If you're trying out a classic recipe for Southern buttermilk fried chicken, going down the rabbit hole to figure out how to make a flaky pie crust, or trying to perfect the ultimate chocolate chip cookies, you may have found yourself on a quest for lard. The once-ubiquitous, then ridiculed, then long out-of-fashion cooking oil has been making a comeback lately, thanks to a generation of more considered nose-to-tail cooks determined to bring all kinds of formerly forgotten cuts of meat (like short ribs) back to the table. But that doesn't mean that you can now grab lard on a quick run to the grocery store.
Lard is used as a cooking fat, much like olive oil, coconut oil, or vegetable shortening. It's essentially rendered pork fat. Because of its high cholesterol content, there are understandably some health concerns about using too much of it. That's not to say it doesn't have some benefits—according to NPR's The Salt, lard is healthier than hydrogenated vegetable oils like shortening, but it's not as healthy as, say, olive oil.
But the real value in lard is its versatility in the kitchen. Lard is typically solid at room temperature, even more so than butter. Because of that, and because it's frankly delicious (if you like bacon, you like the flavor of lard), it's useful in all kinds of cooking situations. If you're interested in adding the cooking fat to your recipe regimen, here's where to buy lard, how to use it, and easy ways to either substitute, or make your own.
What can I use lard for?
Traditionally, lard has stepped in for things like butter or olive oil when it comes to cooking and deep-frying. Lard is particularly useful for baking. Because it doesn't turn liquid easily, lard is many bakers' secret ingredient for making delicious, light, uber-flaky pie crusts that deserve a resounding chef's kiss. And if you're feeling daring enough you can make it a full-on butter replacement, even going so far as to enjoy it on toast.
Is lard a healthy fat?
There's no denying the fact that lard is a fat. And like all fats, it is incredibly calorie-dense. Lard is also a source of cholesterol. But as far as fats go, it's far from the worst. Lard boasts 20 percent less saturated fat than butter and a higher concentration of "healthy" monounsaturated fats, according to The Guardian. It also doesn't necessarily have any trans fats—the thing the World Health Organization is working to eliminate (though you have to be careful what kind you buy—see below). Ultimately, as with anything, moderation is key.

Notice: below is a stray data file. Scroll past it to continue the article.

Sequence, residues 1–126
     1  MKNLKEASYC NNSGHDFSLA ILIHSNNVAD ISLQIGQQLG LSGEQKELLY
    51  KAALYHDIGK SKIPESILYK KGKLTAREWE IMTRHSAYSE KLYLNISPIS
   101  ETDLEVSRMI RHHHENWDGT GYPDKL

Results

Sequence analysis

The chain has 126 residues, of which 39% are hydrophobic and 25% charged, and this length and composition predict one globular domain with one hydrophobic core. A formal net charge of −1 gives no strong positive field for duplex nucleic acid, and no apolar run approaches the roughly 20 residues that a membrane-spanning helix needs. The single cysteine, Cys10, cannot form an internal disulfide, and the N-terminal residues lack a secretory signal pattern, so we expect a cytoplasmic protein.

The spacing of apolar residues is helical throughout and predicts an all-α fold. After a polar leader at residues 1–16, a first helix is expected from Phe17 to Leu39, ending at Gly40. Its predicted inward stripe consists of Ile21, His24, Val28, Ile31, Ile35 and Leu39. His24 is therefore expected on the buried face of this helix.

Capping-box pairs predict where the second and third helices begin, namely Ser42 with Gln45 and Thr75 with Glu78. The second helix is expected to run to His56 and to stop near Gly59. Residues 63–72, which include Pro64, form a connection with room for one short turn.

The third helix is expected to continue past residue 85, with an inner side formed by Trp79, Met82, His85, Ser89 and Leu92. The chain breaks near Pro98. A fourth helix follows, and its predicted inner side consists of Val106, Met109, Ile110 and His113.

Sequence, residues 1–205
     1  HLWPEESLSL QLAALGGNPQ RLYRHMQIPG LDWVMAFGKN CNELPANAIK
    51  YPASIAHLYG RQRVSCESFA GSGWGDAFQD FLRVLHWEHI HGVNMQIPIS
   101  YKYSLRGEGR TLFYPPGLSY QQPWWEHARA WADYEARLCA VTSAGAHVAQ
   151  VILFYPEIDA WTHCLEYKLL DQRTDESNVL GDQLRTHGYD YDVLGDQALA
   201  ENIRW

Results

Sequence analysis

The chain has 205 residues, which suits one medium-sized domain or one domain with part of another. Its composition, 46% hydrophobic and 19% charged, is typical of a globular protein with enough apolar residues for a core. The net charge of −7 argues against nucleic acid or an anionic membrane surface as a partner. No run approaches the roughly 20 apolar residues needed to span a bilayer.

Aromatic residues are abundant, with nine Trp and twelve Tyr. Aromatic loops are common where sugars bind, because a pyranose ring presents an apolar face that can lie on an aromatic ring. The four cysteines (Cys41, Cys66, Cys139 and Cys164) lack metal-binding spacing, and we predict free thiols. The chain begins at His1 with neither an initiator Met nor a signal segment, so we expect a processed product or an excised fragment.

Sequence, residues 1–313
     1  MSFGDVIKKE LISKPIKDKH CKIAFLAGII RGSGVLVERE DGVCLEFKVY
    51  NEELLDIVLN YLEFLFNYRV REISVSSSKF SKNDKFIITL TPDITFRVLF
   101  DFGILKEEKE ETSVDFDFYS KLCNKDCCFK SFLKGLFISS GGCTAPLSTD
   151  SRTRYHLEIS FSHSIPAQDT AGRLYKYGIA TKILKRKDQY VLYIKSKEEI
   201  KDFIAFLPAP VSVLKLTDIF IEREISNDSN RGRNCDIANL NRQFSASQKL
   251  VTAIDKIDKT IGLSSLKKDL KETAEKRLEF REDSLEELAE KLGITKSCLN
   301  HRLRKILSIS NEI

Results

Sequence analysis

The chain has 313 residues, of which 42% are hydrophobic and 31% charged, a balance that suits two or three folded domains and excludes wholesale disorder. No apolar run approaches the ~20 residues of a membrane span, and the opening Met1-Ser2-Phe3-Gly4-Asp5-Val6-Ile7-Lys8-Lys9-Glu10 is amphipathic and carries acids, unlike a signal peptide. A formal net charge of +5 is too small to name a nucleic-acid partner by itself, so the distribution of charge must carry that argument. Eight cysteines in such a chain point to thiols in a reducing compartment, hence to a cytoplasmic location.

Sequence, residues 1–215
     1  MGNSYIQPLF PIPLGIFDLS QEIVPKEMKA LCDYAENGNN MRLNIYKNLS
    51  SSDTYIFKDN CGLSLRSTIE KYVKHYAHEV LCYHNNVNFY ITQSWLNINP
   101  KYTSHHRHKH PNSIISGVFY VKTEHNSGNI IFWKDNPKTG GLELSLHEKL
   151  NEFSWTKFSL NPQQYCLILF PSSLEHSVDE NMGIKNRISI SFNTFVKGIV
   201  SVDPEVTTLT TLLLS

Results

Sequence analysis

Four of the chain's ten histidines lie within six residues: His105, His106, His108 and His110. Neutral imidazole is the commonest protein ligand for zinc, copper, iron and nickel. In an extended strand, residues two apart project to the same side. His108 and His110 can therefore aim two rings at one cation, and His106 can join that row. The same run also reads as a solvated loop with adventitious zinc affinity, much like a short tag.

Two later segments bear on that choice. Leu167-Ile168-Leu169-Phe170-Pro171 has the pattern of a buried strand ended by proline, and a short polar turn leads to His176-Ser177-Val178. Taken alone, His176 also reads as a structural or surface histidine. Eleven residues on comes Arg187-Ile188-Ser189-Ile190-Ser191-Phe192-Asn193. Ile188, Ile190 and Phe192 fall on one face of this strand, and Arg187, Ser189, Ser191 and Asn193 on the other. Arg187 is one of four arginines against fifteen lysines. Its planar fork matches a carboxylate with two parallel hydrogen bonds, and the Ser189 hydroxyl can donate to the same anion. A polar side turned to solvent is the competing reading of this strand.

Where do I find lard in the grocery store?
Not every supermarket carries lard, and it may be best to ask before wandering around in search for it. However, if your local supermarket does carry it, you're most likely to find lard either in the meat section, near the cooking oils, or in the ethnic food aisle (where it is sometimes called "manteca").
Just be aware that some lard sold unrefrigerated has undergone a hydrogenation process. This means the product will have a longer shelf life, but it will include trans-fatty acids and less vitamin D. If you can't track it down at your local Walmart or Kroger, this not-so-healthy tradeoff could explain why it's been pulled from shelves.
Can I buy lard from a butcher?
Yes—and it's much more likely that the lard you purchase there has not been hydrogenated. You can also ask your local butcher for a piece of back fat or leaf lard to take home and render on your own. It's easier than you think. You simply simply dice the fat, melt it in a slow cooker for a few hours, strain it, and store it in the fridge.
Where else can I buy lard?
Head to your local farmers' market or go straight to the source—a farmer who raises his or her own pigs. You can also order online from certain farms, ranches, or butchers, including Fannie and Flo and Grassland Beef.
What if I can't find lard?
If you need to make that recipe soon and can't wait for a delivery from Amazon, or you're still not fully sold on lard and would rather use something a little more familiar, you can simply stick with a cooking oil that you're more familiar with. For deep frying, use a high-heat oil like peanut or canola. For baking and pastries, use butter or shortening. For recipes where lard is predominately adding flavor, you're welcome to use whichever oil appeals to you best, including vegetable oil, olive oil, coconut oil, or of course, butter.
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